Sustainable security in the Middle East: NATO’s role
MOSTAFA DOLATYARThe recent developments in the Middle East and North Africa (MENA) have created new concerns at national, regional and global levels on the sustainability of security.
NATO has also shown great interest in intensifying and solidifying its presence in the Persian Gulf and the Mediterranean. By adopting the “Istanbul Cooperation Initiative (ICI),” relying on an active public diplomacy apparatus, NATO is trying to convince regional countries to accept this approach and facilitate NATO’s direct engagement in engineering a regional security mechanism. However, since this approach is not an all-inclusive grassroots one, it will be doomed to failure.
When we look at NATO’s documents, official statements and remarks, we see the “ICI is based on some key principles, including nondiscrimination, self-differentiation, inclusiveness, two-way engagement, non-imposition, complimentarity and diversity.” Nevertheless, in practice, this is not really the case.
NATO’s practical failure to sustain inclusiveness is clear from the outset, since some key countries in the region have been left out of this process from the start. For non-imposition, it has been said “ICI partners are free to choose the pace and extent of their cooperation with NATO.” Yet there is no doubt this kind of relationship is not a balanced one and “the interested partners,” which are obviously in a weaker position, have no choice but “to outline the main short- and long-term objectives of their cooperation with the Alliance, in accordance with NATO’s objectives and policies.”
Taking into account Hobbesian ideas prevailing in NATO and its self-centric legacy, it is evident there is really no ground or space for two-way engagement, complimentarity or diversity.
The analysis and assertions by the media in the region indicate several events and elements have pushed the small size or geopolitically weak countries to resort to overseas powers and NATO’s security umbrella. The first and most important element is the five destructive wars that have raged the region in the last few decades, i.e. USSR invasion of Afghanistan (1979), Saddam’s invasion of Iran (1980) and his eight-year proxy-war against this newly freed country from local despotism and foreign hegemony, Saddam’s invasion of Kuwait (1990), and American-led invasions against Afghanistan and Iraq at the beginning of the new millennium.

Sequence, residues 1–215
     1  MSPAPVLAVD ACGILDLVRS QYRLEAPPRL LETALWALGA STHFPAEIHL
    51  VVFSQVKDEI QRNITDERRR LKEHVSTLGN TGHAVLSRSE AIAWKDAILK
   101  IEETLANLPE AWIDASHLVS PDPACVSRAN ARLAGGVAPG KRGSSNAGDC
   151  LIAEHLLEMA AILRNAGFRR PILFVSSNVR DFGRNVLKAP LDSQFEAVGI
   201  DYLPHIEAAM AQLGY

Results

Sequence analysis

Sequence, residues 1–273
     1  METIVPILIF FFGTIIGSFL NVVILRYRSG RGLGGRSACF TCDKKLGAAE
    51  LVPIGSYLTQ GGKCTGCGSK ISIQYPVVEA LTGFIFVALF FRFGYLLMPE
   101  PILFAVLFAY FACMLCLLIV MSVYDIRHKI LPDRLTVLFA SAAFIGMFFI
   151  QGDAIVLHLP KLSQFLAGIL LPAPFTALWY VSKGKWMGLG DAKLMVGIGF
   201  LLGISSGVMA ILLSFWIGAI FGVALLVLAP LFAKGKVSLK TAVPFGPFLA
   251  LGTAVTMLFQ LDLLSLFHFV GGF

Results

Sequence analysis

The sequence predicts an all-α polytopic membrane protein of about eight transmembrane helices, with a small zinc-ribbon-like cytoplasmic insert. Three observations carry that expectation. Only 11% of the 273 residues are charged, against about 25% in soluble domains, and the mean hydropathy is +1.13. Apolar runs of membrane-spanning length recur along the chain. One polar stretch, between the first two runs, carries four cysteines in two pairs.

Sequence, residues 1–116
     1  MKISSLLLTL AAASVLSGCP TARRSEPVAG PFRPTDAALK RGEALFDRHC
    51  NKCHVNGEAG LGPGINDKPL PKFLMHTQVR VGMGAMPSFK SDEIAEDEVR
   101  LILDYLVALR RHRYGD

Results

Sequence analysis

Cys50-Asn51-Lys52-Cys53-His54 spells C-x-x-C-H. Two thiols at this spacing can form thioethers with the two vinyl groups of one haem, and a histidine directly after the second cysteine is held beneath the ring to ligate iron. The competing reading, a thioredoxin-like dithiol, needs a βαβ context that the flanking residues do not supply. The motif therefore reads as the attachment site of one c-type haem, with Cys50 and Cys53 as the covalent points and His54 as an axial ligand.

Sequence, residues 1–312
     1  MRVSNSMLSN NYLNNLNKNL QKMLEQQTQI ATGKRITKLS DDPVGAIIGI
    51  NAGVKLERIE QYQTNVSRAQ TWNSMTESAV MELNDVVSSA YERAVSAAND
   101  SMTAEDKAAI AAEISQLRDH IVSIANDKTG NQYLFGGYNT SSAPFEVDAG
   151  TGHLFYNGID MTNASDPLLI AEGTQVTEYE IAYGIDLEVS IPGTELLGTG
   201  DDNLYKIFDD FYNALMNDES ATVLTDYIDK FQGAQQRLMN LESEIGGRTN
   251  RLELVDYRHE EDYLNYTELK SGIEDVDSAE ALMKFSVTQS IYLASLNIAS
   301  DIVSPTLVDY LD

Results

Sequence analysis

These wars have had devastating ramifications for the region and the world. First, they have provided a breeding ground for extremism, international organized crime and terrorism. Second, terrorism and organized crime have led to new concerns on home security, marine security and energy security. Third, this situation has led to a sort of cultural and identity crisis providing ground for socio-political uprising in countries of the region. If the ruling elites and their foreign supporters stand against the wishes of the people or try to deceive them, it will lead to proliferation of failed states.
In short, it is necessary to ponder if NATO’s role, taking into account its practices in the region, has been beneficial to engineering a viable security structure or to creating a sense of security or stability within the region.
The indispensable alternative is to get out of the box both mentally and practically. Instead of the traditional reliance on endless “arms race” and resorting to “overseas security umbrella” in a zero-sum context, the regional countries should take a new approach to address their security dilemma. This new approach needs to be supported by a new paradigm considering security as a common good that should be available to all – poor and rich, small and big, north and south – in a fair and equitable manner and in a win-win context.
It might be much easier to say than to do, as has been the case for NATO; however, the changing perspective in the region, in the streets as well as among the new generation of elites, illuminates this is happening.
Mostafa Dolatyar is the director-general at the Institute for Political and International Studies (IPIS) in Iran. The original version of this article was published in the fall 2011 issue of Turkish Policy Quarterly (TPQ). This is an abbreviated version of the article. For more information, please visit www.turkishpolicy.com.